- The Washington Times - Thursday, August 4, 2005

JACKSON, Miss. — Little Milton Campbell, a booming-voiced blues singer and guitarist known for his gritty, pleading songs of lost love, died yesterday of complications from a stroke. He was 70.

His family said Mr. Campbell died in a Memphis, Tenn., hospital from a cerebral hemorrhage as a result of a stroke he suffered July 27.

Greg Preston, a close friend and producer of Mr. Campbell’s 2000 Grammy-nominated album “Welcome to Little Milton,” visited the singer in the hospital over the weekend.

Mr. Preston said he played some of Mr. Campbell’s music in an attempt to bring him out of his comatose state.

Mr. Campbell is best remembered for his voice, which Mr. Preston said resonated with audiences nationwide.

“Every time I was in the studio with him, his voice was bigger than the whole building,” he said.

Mr. Campbell’s hit record “We’re Gonna Make It” and his 1978 vintage black jacket were on display last year in Clarksdale, Miss., as part of a “Sweet Home Chicago” exhibit at the Delta Blues Museum.

“It was a very good feeling … to see people get excited,” Mr. Campbell told a reporter.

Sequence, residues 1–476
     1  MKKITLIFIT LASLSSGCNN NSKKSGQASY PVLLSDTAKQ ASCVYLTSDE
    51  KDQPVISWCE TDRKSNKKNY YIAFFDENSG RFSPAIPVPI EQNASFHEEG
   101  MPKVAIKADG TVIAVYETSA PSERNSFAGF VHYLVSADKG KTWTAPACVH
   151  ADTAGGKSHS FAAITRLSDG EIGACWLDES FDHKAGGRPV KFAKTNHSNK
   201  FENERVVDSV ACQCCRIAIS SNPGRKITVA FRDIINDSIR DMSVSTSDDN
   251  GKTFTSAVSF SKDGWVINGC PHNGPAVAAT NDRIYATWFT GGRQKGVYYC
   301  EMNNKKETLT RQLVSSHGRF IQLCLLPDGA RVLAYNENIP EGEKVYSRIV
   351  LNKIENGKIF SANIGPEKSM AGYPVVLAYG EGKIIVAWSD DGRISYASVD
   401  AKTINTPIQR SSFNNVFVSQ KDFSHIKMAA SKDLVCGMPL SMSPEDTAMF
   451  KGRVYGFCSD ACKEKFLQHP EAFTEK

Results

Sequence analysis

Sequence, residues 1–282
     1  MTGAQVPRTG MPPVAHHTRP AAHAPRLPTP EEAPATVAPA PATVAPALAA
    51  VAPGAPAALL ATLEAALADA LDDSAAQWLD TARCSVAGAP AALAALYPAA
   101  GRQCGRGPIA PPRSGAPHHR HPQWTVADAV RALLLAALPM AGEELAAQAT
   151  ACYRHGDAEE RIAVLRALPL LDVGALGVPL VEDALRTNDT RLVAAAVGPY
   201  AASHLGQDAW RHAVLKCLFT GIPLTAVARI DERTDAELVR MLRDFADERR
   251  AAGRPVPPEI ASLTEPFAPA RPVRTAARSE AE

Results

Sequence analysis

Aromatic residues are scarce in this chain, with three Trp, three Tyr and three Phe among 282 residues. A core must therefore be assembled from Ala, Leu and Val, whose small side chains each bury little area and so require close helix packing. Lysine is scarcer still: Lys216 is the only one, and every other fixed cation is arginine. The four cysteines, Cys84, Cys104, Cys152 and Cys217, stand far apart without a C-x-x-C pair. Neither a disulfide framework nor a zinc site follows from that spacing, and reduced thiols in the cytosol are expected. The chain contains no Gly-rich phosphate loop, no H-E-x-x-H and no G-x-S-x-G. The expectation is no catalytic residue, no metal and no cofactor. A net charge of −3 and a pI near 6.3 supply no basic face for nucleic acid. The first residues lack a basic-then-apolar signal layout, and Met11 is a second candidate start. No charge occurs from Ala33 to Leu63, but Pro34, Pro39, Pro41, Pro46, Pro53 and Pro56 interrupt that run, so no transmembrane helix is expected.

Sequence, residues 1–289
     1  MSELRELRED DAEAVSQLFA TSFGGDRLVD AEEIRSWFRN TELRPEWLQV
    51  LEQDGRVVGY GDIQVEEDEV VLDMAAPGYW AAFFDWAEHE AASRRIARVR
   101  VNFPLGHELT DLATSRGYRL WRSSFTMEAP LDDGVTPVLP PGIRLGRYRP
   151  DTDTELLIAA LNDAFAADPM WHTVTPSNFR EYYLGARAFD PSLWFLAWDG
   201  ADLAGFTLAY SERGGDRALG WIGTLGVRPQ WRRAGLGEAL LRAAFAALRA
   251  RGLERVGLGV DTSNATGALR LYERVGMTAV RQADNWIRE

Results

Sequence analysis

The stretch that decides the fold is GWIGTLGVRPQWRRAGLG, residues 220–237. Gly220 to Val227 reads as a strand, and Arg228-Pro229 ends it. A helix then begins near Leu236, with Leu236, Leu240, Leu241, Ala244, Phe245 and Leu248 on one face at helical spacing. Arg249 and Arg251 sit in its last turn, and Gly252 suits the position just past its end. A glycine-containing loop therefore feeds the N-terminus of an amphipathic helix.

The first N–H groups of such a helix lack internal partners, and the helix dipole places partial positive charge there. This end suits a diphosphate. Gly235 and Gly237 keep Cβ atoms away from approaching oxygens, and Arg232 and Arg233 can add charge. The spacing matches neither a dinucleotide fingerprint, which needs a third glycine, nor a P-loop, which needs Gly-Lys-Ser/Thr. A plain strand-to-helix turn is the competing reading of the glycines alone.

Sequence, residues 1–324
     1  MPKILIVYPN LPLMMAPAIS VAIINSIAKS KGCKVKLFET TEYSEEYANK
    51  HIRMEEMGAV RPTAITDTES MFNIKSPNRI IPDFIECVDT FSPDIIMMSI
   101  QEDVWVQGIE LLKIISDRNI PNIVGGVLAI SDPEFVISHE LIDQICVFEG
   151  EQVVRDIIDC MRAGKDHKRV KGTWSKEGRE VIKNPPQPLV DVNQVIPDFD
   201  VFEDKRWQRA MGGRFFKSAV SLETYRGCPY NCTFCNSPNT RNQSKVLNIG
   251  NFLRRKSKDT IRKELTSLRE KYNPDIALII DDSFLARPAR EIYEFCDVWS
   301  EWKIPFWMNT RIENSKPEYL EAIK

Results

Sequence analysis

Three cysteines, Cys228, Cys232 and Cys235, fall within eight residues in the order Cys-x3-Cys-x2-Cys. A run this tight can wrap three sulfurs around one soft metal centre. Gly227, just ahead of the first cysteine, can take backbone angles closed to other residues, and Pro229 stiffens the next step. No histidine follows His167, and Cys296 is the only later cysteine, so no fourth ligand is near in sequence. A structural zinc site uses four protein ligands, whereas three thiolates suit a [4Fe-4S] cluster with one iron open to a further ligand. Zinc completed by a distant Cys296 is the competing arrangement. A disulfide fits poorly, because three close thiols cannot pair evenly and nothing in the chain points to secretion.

Mr. Campbell was born on a Delta farm near Inverness, Miss., on Sept. 7, 1934. He was named after his father, Big Milton, a locally known blues musician.

In 1953, Mr. Campbell was introduced to Sam Phillips of Sun Records by talent scout Ike Turner. Some of his first recordings were on the Sun label backed by the Ike Turner Band.

Mr. Campbell went on to record “I’m a Lonely Man” and “That Will Never Do” for Bobbin Records. He switched to Checker Records in 1960. In 1965, he had the hit “We’re Gonna Make It.”

Mr. Campbell joined Stax Records in 1971 and recorded “Annie Mae’s Cafe” and “Little Bluebird,” two of his most memorable songs. In 1988, he was presented with the W.C. Handy Award as blues entertainer of the year. He was also inducted into the Blues Hall of Fame that year.

The Delta native also enjoyed a career with Malaco Records in Jackson, Miss., which began in 1984. At the label he wrote “The Blues Is Alright” and recorded “Welcome To Little Milton,” which was nominated for Best Contemporary Blues Album.

At the time of his death, Mr. Campbell was signed with the label Telarc International, based in Cleveland. His last album, “Think of Me,” was released in May 2005.

Funeral services were pending. Mr. Campbell is survived by his wife, Patricia, and three children.



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